Curiosity may not prove enough to fetch answers, though. Narendra Modi remains an enigma even to those who have been closest to him. The mother of the 64-year-old Prime Minister-designate included. In 2002, following his first victory in Gujarat, I travelled to his native Vadnagar to attempt piecing together a face that even then seemed worth a close look at. She lived at the time in a tiny two-storey house abutting a water-tank that’s hub to Vadnagar. The old lady was reticent to begin with and remained so through the half hour of time she granted. All she offered me was: “But what do I really know about my son? He left us as a teenager saying nothing to me other than that he was going. He has rarely come back, he has always had us told he is at work. I know little of my son.”

Ask a top PR executive who has worked closely with Team Modi and he sounds like an echo of the mother. “The one thing I can tell you about Narendra Modi is that anyone who claims to be close to him or to know him is lying. It isn’t possible to become close to Narendra Modi.” There is a territory Modi has practised to shield zealously from any prying — the core of Narendra Modi. At the end of the day — or at the beginning of it — the man who has courted, and won, stirring mass adulation, is a solitary man.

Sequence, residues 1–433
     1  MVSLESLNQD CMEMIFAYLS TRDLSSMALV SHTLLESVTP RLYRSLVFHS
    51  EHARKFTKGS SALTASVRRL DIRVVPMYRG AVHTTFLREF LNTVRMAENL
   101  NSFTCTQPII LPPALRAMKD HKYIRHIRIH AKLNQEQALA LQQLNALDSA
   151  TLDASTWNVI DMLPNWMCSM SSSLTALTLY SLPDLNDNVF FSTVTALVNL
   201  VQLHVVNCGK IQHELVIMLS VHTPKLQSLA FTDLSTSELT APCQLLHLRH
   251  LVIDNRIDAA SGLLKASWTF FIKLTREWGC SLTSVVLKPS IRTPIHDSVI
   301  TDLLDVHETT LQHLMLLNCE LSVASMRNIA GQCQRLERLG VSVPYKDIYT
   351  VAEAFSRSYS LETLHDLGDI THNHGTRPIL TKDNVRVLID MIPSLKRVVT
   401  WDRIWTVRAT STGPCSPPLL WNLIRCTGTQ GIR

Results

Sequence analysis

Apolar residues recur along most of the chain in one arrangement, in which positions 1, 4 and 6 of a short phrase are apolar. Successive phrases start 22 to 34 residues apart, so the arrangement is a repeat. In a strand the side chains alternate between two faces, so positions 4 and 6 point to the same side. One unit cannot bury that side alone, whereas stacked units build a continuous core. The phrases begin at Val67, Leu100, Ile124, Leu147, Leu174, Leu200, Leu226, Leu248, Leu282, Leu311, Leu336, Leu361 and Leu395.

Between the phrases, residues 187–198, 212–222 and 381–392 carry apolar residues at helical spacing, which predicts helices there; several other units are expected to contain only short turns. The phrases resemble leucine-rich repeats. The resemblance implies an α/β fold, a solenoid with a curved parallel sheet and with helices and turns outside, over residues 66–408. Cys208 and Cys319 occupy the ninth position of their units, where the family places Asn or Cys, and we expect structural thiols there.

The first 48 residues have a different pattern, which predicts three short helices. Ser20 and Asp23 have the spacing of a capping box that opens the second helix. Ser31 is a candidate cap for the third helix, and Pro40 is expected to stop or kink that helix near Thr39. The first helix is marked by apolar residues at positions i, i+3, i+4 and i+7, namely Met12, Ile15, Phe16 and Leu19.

But clues to some of what he wanted to fashion for himself he had begun to drop early. That same year I went to Vadnagar following Modi’s 2002 victory, I wrote a long piece which began thus: “There are many who believe that this man is headed not for Gandhinagar but for New Delhi, that the tide he has unleashed will soon gobble up his mighty mentors — Atal Bihari Vajpayee, Lal Krishna Advani and company — and deliver him at the helm of the Party and the Parivar, perhaps even of the country. In a skewed but probably telling sense he has already raised the bar of competition higher than any other Indian chief minister would; he is not in a contest with locals, he has pitted himself against Pervez Musharraf, or at least that’s what the pitch of his campaign is. And when he picks adversaries at home, he picks Sonia Gandhi, hardly ever Shankarsinh Vaghela, his former shakha-mate and chief provincial challenger. The psychological template of his battle is not provincial, it’s national, that’s the stage he is fashioning.”